If you believe what you read on the internet, it’s a beautiful day to arrest the cops who killed Breonna Taylor.
The turn of phrase has become near-ubiquitous on social media in recent weeks as attention for her case dwindles once again. Early participants in the growing meme earnestly sought to draw attention to Taylor, a 26-year-old EMT from Louisville, Kentucky, who was killed in her home by three police officers when they executed a no-knock warrant on the apartment she shared with her boyfriend Kenneth Walker. Her death drew limited national attention while the officers who killed her remained employed and uncharged.
But what began as sincere tweets and photos, urging people to remember to show up for Taylor’s case, quickly morphed into a distasteful meme genre of its own. Absent any specific call to actions, “arrest the cops who killed Breonna Taylor” became a clarion call, divorced from Taylor’s life and image—the newest virtue signal of choice, one that defies the current conversation around the abolition of police and prisons.
Pithy fake-out tweets about everyday errands, album announcements, affirmations, and baking became avenues for users to signal that they were Good People™ and had not forgotten about Taylor’s case. Over on Instagram, they accompanied selfies and implied nudes. Once the momentum passed, people found creative ways to go back to doing what they’d always been doing. Focus shifted from Breonna herself and onto the same sort of clever one-upmanship typically rewarded by social media.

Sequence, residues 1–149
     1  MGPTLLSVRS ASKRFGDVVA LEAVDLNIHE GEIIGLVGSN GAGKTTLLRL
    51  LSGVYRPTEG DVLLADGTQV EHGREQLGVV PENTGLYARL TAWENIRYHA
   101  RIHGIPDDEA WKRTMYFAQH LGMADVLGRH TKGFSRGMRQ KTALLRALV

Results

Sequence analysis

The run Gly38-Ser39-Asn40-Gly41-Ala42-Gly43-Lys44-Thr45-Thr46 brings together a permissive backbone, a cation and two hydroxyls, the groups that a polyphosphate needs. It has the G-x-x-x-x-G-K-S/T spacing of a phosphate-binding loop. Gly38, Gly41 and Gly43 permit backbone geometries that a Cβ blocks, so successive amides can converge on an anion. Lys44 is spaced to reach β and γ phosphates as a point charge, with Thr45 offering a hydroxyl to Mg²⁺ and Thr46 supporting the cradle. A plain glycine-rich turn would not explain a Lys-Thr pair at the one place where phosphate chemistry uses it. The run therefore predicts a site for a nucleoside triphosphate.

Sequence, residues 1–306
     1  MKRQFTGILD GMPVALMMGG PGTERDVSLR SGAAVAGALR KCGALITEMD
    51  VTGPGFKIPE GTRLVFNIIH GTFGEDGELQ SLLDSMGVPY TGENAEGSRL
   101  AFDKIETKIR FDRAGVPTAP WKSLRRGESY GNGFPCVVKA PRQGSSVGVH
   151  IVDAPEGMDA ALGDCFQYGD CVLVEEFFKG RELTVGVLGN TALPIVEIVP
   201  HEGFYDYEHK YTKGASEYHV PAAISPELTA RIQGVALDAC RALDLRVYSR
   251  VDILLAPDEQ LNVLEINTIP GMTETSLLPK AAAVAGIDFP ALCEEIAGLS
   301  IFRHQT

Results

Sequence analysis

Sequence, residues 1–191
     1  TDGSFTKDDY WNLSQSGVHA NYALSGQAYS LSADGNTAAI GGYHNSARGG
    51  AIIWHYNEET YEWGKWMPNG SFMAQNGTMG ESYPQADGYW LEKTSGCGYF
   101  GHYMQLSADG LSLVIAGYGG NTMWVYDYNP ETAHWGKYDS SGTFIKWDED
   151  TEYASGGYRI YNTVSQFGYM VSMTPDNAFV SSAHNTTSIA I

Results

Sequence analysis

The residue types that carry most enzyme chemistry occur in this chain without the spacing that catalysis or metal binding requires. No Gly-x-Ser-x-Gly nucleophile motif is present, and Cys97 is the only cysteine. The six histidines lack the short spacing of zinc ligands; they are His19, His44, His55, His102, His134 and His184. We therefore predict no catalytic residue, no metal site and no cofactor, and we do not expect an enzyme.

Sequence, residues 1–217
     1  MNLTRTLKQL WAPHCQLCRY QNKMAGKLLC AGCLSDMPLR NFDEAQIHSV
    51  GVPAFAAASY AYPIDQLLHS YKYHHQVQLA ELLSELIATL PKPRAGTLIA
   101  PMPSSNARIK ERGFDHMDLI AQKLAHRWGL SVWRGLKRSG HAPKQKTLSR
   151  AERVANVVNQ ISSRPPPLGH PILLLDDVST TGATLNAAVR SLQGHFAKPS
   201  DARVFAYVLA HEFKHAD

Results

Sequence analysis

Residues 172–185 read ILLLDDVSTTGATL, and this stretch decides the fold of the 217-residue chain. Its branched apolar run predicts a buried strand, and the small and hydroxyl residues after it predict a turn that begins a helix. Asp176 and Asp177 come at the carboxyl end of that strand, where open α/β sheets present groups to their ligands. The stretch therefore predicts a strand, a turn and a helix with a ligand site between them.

This violation added to the injustice of Breonna Taylor’s death, which did not appear to provoke the same visceral reaction that was felt for Ahmaud Arbery and George Floyd. There were far fewer people who saw a Black woman’s death as a tragedy in need of immediate mobilization—a fact that incensed and injured the Black women left behind to see her name and story be erased in real-time.
I was one of those Black women. And as the protests in support of George Floyd received wall-to-wall media coverage, I created the #BirthdayForBreonna social media campaign to try to bring her story back into the media cycle on June 5, 2020—what would have been her 27th birthday. I wanted to create space not just to remember Taylor, but for all the Black women who were once again swallowing the bitterness of seeing the way we are continually erased from the collective narrative around police brutality in service of elevating the stories of Black men. We needed to publicly mourn her because we were the only ones who would.